At the end of the year when “Trends of 2020” reports are published, it is without a doubt we will be reading about the transition to all things digital. While it sounds simple enough, for many businesses it has been an adjustment that requires many considerations and thoughtful decisions. For integrated marketing agencies, like Draper DNA, it has been important to learn how to identify audiences effectively and execute account-based marketing in the digital marketplace successfully.
What we’ve learned is that with the right information and appropriate tools, account-based marketing can be pretty effective for B2B marketers looking to gain quality leads, loyal customers, and ultimately grow their business. How? We’ve taken a deep dive into many layers of research to find the ultimate playbook, with the help of the Interactive Advertising Bureau (iab), to jump start and optimize this approach effectively.
What is Account-Based Marketing
First and foremost, what, exactly, is account-based marketing? According to iab, it can be a complex strategy, but at its core, it is a strategic approach where sales and marketing are aligned and focus their time and resources on an agreed upon set of target accounts with which they want to do business. What Draper DNA would call, “back to basics” which is one of our primary ways of doing business.
The benefits of going back to basics, and executing account-based marketing extend far. Some include:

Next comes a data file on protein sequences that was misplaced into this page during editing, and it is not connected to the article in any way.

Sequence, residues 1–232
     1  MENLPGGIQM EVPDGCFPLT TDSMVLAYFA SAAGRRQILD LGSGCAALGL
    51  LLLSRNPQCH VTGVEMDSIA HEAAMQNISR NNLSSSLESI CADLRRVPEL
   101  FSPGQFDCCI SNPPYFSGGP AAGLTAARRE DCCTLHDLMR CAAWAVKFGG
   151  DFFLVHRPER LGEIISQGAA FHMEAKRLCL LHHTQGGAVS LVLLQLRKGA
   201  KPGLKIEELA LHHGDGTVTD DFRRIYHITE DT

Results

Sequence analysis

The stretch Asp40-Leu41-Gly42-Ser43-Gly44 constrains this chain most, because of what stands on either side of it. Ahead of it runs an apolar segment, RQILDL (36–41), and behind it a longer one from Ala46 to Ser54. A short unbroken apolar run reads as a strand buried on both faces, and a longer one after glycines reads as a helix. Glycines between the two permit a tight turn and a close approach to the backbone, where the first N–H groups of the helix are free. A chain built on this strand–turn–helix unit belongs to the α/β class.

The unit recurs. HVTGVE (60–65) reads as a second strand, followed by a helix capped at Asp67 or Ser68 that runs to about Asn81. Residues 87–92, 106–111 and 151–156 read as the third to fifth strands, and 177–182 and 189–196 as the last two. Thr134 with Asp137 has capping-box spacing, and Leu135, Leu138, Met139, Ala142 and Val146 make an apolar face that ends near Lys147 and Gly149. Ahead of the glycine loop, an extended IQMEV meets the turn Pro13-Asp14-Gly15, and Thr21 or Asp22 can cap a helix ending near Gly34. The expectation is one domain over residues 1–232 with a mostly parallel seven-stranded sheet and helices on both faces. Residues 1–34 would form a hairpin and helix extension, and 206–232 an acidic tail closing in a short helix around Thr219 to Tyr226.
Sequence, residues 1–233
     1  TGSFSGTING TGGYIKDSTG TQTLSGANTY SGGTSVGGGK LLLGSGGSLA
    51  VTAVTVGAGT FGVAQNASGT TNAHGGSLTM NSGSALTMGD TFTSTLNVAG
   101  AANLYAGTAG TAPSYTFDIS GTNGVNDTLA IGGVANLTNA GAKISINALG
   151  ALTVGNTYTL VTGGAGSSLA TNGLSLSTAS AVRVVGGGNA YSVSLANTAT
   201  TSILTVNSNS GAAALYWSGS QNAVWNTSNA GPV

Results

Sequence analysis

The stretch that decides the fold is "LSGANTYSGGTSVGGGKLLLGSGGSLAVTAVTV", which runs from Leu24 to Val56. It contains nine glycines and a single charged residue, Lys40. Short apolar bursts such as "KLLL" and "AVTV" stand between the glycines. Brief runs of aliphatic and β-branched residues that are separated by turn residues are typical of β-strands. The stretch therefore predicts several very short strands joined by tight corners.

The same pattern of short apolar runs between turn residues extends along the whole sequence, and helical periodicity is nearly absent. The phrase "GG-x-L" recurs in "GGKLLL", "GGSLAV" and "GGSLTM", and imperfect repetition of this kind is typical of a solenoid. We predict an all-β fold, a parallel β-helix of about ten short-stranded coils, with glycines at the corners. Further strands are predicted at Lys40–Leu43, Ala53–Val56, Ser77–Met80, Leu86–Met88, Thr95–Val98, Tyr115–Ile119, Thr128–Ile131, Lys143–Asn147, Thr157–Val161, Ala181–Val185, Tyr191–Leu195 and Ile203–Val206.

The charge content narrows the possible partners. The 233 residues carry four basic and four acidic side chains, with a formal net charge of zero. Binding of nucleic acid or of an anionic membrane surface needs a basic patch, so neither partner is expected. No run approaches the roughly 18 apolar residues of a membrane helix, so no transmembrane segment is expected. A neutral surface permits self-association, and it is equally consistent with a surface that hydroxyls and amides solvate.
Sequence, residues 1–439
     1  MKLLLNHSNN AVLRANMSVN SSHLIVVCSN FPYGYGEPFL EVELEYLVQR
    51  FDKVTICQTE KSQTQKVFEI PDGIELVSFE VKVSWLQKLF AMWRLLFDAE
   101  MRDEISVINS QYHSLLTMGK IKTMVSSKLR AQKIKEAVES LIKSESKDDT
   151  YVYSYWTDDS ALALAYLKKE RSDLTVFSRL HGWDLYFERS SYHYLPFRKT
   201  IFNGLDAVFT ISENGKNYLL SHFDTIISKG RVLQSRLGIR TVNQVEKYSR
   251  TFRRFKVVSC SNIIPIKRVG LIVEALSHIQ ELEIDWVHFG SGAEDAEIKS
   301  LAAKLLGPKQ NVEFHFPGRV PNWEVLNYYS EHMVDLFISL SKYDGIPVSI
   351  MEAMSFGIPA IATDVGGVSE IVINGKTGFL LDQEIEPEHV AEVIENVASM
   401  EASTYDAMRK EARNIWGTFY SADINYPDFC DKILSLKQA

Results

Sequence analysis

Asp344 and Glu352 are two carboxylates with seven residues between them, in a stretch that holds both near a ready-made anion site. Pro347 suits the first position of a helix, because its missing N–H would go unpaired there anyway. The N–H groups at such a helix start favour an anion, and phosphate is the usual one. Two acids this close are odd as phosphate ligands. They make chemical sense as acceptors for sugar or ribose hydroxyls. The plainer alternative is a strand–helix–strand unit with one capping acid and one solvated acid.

- A higher return on investment (ROI): In their “The State of AMB 2019” study, SiriusDecisions found that 89% of organizations able to report on account-based marketing ROI indicated a higher ROI compared to a control group that did not receive support from an account-based marketing program. 30% of the organizations found ROI to be higher by at least 21%.
- Increased share of wallet: 91% of B2B marketers activating account-based marketing campaigns say deal size is larger for these accounts and 25% of them say it is over 50% larger, according to the SiriusDecisions report.
- Higher win rates: 86% of B2B organizations said account-based marketing improves win rates.
- Revenue growth: After just one year of implementing account-based marketing, companies have seen a 10% increase in revenue, while 19% have seen over 30% increase in revenue.
- Client retention: 84% of B2B marketers claim significant benefits to retaining and expanding existing client relationships.
- Enhanced customer lifetime value: 80% of B2B organizations assure account-based marketing improves a customer’s lifetime value.
- Stronger alignment between sales and marketing: 67% of businesses find greater success in closing deals when sales and marketing are aligned.
What Does This Mean To Me?
So, what does this mean, you might ask? How can I be successful in implementing this during such a changing marketplace?
With so many benefits outlined above, how do we see those kinds of numbers in our own approach? Account-Based Marketing is about genuinely understanding each identified account to communicate custom messages with the goal of moving buyer committees through the customer’s journey. Some keys to success to consider could be:
- Aligning and orchestrating your fully integrated team to ensure everyone is on the same page, with the same measurable objectives in mind.
- Using account-based marketing as a complementary strategy as opposed to an “all-in” approach.
- Understanding that B2B sales cycles can take some time to see initial results, patience is not only a virtue, it’s key to the success of an account-based approach.